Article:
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Alabama (Alabama, United States) (search for this): article 1
hen expressed would prove only fears, but from what he had heard, it almost seemed us if the other side of the chamber desired to bring about a civil war. South Carolina had declared herself separated from the Union, while other States stand ready to support her, or else to put her down. That is the real issue, and there is no use to disguise it. We are not permitted to ignore the fact that the determination to secede is not confined to South Carolina alone, for next week Mississippi, Alabama, and Florida, will separate from the Union; a week after Georgia will follow them; a little latter Louisiana will secede, and soon after her Arkansas. Now, then, shall we recognize South Carolina as a free and independent State, or shall we coerce by force? He argued that the people of South Carolina had a right to declare themselves free; it was an inherent, inalienable right.--South Carolina had, by the voice of her people, met in convention, in 1860, and repealed the ordinance made by
Wisconsin (Wisconsin, United States) (search for this): article 1
peace and return to their original state." He (Mr. Benjamin) said that a sectional President had been elected, who could, with the aid of a sectional Senate, grant all the benefits to and appoint from one section all the officers in the gift of the government, and thus ruin the South. Suppose that South Carolina is in error in believing that wrong has been done her, still that does not alter the issue whether we shall permit her to withdraw or force her back. In reply to the Senator from Wisconsin (Mr. Doolittle,) he (Mr. Benjamin) claimed that a citizen was bound to obey his State government. The Republican Senators say that they will not coerce a State, but enforce the laws against individuals. But how can they punish an individual in a State for treason? Where are they to find the judge and jury to do so, when all the citizens in the State think that he has done right? He (Mr. Benjamin) said they could not blockade a port without declaring war; they could not embargo one port
South Carolina (South Carolina, United States) (search for this): article 1
information of the position of affairs in South Carolina, but in the absence of it he should assumehamber desired to bring about a civil war. South Carolina had declared herself separated from the Undetermination to secede is not confined to South Carolina alone, for next week Mississippi, Alabama,r Arkansas. Now, then, shall we recognize South Carolina as a free and independent State, or shall ce by force? He argued that the people of South Carolina had a right to declare themselves free; it was an inherent, inalienable right.--South Carolina had, by the voice of her people, met in conventdenied, where is the remedy? Suppose that South Carolina should send two Senators here, and the majajority to repair the wrong? Suppose that South Carolina should then withdraw from the Union, who cear to the North, but does appear clear to South Carolina--suppose she is denied access to the Terrint, and thus ruin the South. Suppose that South Carolina is in error in believing that wrong has be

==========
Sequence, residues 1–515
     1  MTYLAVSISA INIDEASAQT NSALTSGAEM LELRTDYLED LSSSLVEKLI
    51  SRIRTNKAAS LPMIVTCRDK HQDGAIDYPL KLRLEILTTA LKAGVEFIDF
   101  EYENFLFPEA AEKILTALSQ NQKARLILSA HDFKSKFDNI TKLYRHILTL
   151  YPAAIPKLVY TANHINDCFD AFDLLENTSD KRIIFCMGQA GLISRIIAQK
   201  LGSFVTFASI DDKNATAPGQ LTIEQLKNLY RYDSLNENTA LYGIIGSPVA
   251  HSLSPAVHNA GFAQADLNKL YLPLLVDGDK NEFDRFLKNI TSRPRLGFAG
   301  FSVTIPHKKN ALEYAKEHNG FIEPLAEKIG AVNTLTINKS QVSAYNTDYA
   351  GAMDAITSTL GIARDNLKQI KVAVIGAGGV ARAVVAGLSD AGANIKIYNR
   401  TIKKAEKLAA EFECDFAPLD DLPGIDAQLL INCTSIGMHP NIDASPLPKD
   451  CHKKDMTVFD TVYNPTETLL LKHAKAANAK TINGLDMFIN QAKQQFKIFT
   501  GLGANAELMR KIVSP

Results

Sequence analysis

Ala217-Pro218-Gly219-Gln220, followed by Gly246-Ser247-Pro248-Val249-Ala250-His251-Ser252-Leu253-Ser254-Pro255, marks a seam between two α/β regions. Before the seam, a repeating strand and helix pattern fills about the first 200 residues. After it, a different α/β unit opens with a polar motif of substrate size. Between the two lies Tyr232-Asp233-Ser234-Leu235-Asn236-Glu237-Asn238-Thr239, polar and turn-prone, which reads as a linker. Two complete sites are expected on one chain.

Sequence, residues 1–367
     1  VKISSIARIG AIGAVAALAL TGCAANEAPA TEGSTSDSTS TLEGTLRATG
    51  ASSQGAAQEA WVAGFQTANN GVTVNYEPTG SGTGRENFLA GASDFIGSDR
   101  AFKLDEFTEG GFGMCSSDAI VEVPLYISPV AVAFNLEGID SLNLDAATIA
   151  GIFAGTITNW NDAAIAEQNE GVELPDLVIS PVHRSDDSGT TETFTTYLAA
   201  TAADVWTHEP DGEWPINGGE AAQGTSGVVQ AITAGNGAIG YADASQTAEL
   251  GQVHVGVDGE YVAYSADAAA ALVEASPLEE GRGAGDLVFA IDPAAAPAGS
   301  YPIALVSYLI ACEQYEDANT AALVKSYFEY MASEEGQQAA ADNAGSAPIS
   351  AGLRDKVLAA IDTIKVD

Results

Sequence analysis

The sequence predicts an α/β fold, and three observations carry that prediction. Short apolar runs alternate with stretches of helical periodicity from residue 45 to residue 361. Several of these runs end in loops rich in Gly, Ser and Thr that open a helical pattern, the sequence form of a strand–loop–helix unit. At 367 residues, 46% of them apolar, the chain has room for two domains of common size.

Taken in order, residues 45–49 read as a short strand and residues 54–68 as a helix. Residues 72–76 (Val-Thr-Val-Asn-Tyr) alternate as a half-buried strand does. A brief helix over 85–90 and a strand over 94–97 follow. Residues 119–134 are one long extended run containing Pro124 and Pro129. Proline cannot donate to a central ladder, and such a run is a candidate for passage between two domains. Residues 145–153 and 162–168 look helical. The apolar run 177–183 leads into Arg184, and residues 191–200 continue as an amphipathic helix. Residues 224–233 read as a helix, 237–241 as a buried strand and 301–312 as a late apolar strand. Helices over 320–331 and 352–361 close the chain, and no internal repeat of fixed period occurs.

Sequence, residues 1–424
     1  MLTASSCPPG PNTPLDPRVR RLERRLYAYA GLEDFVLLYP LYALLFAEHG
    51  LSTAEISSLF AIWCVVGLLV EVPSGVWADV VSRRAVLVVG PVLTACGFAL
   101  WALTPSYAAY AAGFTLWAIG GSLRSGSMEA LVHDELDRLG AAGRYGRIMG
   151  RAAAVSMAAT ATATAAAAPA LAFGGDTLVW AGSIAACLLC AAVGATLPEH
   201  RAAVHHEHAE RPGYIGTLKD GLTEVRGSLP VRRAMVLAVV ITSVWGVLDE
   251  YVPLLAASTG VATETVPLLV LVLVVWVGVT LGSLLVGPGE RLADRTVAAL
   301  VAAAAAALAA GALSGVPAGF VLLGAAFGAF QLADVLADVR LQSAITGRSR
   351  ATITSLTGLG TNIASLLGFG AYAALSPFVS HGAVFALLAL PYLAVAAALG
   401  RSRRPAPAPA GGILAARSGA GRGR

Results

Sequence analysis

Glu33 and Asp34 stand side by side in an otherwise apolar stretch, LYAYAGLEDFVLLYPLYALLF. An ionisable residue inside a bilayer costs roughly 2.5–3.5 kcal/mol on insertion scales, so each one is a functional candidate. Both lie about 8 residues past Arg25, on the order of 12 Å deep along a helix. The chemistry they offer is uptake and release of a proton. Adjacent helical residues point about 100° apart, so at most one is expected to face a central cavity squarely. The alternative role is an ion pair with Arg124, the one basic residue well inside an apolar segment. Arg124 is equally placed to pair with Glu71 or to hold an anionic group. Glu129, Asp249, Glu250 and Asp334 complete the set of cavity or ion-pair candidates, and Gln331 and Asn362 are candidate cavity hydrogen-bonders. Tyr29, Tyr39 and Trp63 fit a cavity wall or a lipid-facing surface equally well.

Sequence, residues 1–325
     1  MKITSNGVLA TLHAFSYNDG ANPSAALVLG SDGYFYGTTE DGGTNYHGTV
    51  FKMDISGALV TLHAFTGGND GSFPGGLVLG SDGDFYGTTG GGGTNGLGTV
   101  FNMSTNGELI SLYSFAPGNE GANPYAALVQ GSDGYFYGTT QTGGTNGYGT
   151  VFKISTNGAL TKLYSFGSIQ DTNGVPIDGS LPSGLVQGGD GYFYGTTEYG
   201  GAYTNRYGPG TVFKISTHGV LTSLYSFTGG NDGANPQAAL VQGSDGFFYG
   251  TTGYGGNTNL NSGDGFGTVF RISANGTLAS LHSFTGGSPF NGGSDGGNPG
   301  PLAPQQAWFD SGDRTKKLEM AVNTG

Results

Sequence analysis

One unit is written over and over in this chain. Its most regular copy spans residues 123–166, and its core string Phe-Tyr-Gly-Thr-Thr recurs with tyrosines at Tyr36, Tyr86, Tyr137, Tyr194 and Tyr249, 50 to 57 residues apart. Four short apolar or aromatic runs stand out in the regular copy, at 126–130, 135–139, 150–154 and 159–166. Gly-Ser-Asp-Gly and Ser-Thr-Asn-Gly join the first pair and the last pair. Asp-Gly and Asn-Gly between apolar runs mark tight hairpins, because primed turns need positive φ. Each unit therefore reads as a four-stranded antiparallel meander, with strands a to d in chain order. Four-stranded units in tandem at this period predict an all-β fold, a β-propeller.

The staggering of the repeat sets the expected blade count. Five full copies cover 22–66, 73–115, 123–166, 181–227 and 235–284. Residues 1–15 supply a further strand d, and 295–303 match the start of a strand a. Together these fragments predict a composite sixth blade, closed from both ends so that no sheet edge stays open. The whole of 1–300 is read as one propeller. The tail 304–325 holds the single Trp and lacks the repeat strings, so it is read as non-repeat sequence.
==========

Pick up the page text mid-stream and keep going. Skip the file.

Rhode Island (Rhode Island, United States) (search for this): article 1
alienable right.--South Carolina had, by the voice of her people, met in convention, in 1860, and repealed the ordinance made by her people when they met in convention in 1788. Mr. Benjamin here quoted from a speech of Daniel Webster's, in the Rhode Island case, to show that a convention of the people duly assembled had proper authority. He (Mr. Webster) had said that a compact was not binding on one party unless the other parties to it lived up to it, and that a compact broken by one could be nstitution requiring force to be used to coerce a State.--He referred to the old Confederation, and said that line States seceded from it for the express reason that the compact between them was not kept, and finally all the States seceded but Rhode Island and North Carolina, leaving them as foreign States. He claimed this as a precedent in the formation of the present Constitution to show the right of a State to secede. Who was to be the judge if a compact was broken? If a compact was br
North Carolina (North Carolina, United States) (search for this): article 1
the other parties to it lived up to it, and that a compact broken by one could be broken by all. Mr. Benjamin here quoted from Mr. Madison to sustain his position. He (Mr. Benjamin) said that no one could find any article in the Constitution requiring force to be used to coerce a State.--He referred to the old Confederation, and said that line States seceded from it for the express reason that the compact between them was not kept, and finally all the States seceded but Rhode Island and North Carolina, leaving them as foreign States. He claimed this as a precedent in the formation of the present Constitution to show the right of a State to secede. Who was to be the judge if a compact was broken? If a compact was broken in a pecuniary matter, the Constitution provided a way to settle the matter; but if it was broken politically, the Constitution provided no way.--He read from the debates of the Convention which formed the Constitution to show that the members of that Convention